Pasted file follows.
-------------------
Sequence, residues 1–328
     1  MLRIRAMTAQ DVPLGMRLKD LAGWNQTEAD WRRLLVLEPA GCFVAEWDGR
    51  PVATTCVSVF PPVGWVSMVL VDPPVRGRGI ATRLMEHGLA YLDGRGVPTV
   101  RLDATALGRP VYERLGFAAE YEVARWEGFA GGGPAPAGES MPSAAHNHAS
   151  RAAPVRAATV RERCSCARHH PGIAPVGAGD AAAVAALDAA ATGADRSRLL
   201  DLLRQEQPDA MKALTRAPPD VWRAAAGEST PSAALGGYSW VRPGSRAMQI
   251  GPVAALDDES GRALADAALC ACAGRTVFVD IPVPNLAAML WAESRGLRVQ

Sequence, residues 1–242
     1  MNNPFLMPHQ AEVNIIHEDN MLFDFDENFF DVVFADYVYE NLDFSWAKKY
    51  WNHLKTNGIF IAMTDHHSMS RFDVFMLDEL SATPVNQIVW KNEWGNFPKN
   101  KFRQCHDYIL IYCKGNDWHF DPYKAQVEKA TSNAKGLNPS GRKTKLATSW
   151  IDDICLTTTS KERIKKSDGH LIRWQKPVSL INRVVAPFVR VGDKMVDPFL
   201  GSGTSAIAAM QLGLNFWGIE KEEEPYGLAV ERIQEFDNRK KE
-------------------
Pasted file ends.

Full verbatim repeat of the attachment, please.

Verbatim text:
Sequence, residues 1–328
     1  MLRIRAMTAQ DVPLGMRLKD LAGWNQTEAD WRRLLVLEPA GCFVAEWDGR
    51  PVATTCVSVF PPVGWVSMVL VDPPVRGRGI ATRLMEHGLA YLDGRGVPTV
   101  RLDATALGRP VYERLGFAAE YEVARWEGFA GGGPAPAGES MPSAAHNHAS
   151  RAAPVRAATV RERCSCARHH PGIAPVGAGD AAAVAALDAA ATGADRSRLL
   201  DLLRQEQPDA MKALTRAPPD VWRAAAGEST PSAALGGYSW VRPGSRAMQI
   251  GPVAALDDES GRALADAALC ACAGRTVFVD IPVPNLAAML WAESRGLRVQ

Sequence, residues 1–242
     1  MNNPFLMPHQ AEVNIIHEDN MLFDFDENFF DVVFADYVYE NLDFSWAKKY
    51  WNHLKTNGIF IAMTDHHSMS RFDVFMLDEL SATPVNQIVW KNEWGNFPKN
   101  KFRQCHDYIL IYCKGNDWHF DPYKAQVEKA TSNAKGLNPS GRKTKLATSW
   151  IDDICLTTTS KERIKKSDGH LIRWQKPVSL INRVVAPFVR VGDKMVDPFL
   201  GSGTSAIAAM QLGLNFWGIE KEEEPYGLAV ERIQEFDNRK KE